There are occasions we forget. There are occasions we forget that NFL players are human. They’ve bones that break and muscles that pull and hearts that pound. They laugh at bad jokes and fall in love and construct families. They’ve dreams and cares.
Despite all of that, there are occasions we forget their humanity. You do it, so have I, now and again. There are occasions we expect of them as robots with no feelings. Drones with numbers on their backs. We draft them in fantasy football, curse them after they don’t rating enough points, think we are able to do what they’ll when most of us can barely get off the couch.
There are occasions, loads of times, too again and again, when many individuals don’t consider them as living beings.
Then something just like the horror that we saw on Monday night happens. Buffalo Bills safety Damar Hamlin collapsed on the sector in the primary quarter of Monday’s game against the Cincinnati Bengals after a violent hit. A brutal hit needless to say, however the sort of hit we see on a regular basis.
But this was different.
Players stopped of their tracks. Some began crying, sobbing into towels. They knew. They absolutely knew that even for the extent of violence they see every week, this was different.
There are a lot of things to say about this scary and tragic case, but when there’s one thing all of us have to do from here, must do, should always do from this moment forward, is remember these are actual people. Physically superhuman, needless to say, but they’re individuals who deserve our respect and care, two things they do not at all times receive from us.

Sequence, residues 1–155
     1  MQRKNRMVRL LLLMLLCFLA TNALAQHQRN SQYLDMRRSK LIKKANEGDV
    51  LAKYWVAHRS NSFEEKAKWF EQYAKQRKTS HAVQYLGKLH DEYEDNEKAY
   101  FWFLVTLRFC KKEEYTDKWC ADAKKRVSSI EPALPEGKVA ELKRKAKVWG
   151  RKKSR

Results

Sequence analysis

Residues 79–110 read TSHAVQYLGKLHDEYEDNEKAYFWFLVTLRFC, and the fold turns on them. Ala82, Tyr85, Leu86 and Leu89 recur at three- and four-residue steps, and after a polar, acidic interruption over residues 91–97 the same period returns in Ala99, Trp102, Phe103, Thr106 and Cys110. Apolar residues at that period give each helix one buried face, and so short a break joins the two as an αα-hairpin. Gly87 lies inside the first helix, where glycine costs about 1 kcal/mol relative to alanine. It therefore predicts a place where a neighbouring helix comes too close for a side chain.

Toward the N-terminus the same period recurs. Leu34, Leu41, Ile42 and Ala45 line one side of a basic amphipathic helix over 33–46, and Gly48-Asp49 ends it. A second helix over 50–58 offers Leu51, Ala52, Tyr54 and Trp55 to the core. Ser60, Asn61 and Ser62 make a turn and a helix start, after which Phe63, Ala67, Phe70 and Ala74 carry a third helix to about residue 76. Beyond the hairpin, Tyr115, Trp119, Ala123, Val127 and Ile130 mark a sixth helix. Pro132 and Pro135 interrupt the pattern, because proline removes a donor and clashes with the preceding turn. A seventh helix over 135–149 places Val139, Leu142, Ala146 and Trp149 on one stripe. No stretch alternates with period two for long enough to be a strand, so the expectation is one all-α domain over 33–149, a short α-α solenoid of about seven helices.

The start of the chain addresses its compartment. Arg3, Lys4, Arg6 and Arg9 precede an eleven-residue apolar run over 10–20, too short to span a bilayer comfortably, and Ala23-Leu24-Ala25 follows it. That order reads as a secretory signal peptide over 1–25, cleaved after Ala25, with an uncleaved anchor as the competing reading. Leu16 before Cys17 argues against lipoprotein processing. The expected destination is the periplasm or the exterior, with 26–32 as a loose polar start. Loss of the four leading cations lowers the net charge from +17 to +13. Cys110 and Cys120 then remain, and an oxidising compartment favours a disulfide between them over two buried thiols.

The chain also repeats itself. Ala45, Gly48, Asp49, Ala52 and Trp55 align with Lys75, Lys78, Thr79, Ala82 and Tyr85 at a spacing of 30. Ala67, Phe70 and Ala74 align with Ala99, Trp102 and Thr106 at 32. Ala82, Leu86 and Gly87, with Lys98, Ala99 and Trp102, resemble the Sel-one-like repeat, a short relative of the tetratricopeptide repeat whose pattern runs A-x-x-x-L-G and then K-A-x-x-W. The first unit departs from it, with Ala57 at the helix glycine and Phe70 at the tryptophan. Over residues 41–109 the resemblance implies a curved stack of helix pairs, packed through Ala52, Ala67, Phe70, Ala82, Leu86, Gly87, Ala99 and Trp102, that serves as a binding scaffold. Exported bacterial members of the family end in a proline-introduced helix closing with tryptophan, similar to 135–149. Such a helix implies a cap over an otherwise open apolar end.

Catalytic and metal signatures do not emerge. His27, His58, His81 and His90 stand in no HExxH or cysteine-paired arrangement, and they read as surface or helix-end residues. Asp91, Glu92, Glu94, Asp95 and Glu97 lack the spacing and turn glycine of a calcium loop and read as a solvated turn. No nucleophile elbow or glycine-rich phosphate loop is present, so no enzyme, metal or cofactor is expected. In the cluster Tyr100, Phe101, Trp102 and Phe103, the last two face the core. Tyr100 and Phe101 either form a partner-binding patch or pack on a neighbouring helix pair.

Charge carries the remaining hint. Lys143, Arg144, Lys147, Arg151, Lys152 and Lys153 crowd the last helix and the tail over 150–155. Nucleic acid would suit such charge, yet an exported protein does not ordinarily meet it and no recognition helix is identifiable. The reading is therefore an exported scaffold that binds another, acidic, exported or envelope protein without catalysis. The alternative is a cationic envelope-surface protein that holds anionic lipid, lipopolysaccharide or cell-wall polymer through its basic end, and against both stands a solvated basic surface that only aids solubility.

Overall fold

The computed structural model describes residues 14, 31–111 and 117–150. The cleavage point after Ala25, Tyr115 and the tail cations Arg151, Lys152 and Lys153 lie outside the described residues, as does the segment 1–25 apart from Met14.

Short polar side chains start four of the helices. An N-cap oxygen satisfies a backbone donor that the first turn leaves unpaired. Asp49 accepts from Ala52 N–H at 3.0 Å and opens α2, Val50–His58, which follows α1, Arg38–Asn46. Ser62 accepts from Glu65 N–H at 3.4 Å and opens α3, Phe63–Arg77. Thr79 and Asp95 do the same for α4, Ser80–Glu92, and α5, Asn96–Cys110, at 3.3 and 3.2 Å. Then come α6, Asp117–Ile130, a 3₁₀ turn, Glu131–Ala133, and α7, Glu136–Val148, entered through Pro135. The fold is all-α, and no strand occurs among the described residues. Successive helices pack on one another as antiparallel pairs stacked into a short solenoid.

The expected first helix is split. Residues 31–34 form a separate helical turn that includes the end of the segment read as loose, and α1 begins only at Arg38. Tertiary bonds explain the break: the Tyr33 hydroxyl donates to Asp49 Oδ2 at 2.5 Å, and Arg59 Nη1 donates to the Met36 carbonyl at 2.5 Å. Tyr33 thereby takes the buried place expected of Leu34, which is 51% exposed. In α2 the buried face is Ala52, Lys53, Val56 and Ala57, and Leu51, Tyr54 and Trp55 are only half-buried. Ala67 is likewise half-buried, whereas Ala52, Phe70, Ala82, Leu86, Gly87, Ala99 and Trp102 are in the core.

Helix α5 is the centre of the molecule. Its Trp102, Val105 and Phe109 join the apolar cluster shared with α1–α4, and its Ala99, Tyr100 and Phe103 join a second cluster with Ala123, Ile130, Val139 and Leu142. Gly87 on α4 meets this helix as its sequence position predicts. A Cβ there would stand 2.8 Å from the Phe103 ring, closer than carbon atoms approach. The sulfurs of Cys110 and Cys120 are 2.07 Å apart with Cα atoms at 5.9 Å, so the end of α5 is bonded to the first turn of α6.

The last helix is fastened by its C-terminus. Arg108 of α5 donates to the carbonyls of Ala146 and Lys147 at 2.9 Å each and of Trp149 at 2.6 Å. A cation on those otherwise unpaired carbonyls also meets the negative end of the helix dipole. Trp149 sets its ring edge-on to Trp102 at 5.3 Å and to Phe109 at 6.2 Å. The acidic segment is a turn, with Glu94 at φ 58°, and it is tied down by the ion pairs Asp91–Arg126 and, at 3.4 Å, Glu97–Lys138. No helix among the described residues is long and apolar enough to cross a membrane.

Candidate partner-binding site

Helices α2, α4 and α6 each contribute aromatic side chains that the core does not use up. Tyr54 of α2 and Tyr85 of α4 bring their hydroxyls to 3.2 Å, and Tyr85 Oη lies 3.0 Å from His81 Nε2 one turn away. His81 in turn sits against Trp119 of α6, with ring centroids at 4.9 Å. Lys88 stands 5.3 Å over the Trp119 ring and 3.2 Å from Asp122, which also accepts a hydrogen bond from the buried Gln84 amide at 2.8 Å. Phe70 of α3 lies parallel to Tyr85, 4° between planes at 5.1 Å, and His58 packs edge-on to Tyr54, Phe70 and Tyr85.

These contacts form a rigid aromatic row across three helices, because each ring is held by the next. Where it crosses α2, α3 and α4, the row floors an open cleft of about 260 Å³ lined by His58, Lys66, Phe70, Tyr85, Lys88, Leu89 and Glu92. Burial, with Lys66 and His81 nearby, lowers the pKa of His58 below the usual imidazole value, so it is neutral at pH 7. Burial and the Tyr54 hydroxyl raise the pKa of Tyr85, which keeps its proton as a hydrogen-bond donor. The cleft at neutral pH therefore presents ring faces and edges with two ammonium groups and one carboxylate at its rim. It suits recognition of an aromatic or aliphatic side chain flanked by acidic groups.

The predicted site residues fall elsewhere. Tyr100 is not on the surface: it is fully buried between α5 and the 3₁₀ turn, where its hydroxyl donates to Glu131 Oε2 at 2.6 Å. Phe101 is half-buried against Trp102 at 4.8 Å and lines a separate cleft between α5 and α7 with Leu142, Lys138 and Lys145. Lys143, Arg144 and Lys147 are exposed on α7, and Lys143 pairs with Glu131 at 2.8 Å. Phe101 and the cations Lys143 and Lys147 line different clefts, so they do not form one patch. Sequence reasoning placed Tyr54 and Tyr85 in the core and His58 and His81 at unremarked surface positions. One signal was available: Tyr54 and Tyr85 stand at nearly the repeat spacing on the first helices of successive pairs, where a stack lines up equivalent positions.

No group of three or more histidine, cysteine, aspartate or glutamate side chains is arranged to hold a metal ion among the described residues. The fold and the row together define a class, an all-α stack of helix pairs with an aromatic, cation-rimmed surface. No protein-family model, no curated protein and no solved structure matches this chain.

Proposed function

In 30 years of covering the game, and watching a few of the ugliest hits and moments on the sector, and seeing how the game crushes souls and spines and minds, I’ve never seen anything like this. I’ve never witnessed a player getting CPR on the sector. Like most of you, this was the scariest moment I’ve witnessed watching the game.
The sport stopped, because it must have.
The playoff race, fantasy championships and all the other things we normally obsess over seem so small now, because they’re. They’re microscopic in comparison with this frightening time.
Former Rams player Andrew Whitworth tweeted: “… to fellow NFL brothers reach out to teammates former or current. Put our arms around one another through something like this!”
Former NFL player and current ESPN analyst Ryan Clark, on the network after the sport was suspended, said: “So the following time we get upset at our favourite fantasy player, or we’re upset that the guy on our team doesn’t make the play, and we’re saying he’s worthless, and we’re saying, ‘You get to make all this money’ – we should always remember these men are putting their lives on the road to live their dream.”
And that’s it. That’s the thing to recollect. They’re paid well they usually are given the power to create generational wealth, but that comes at a vicious price. It is available in the shape of head trauma after quite a few concussions or a dozen other lifelong ailments players need to live with once the games end.
They move from one on-field automotive crash to a different. They leave and enter the blue tent. They’re told the most effective ability is availability. The game breeds obedience and the ignoring of physical and mental health.
Initially, this appeared like so many other moments we have seen when play stops after a brutal hit – players gather, hold hands as a player is carried onto a cart, and as he leaves, he gives the thumbs-up.
Not on Monday night.
There are occasions we forget. There are occasions we forget that NFL players are human. We forget they’ve lives. They take their daughters to highschool, they text their significant others “I like you.” They’re brothers and fathers and caregivers.
Let’s always remember that.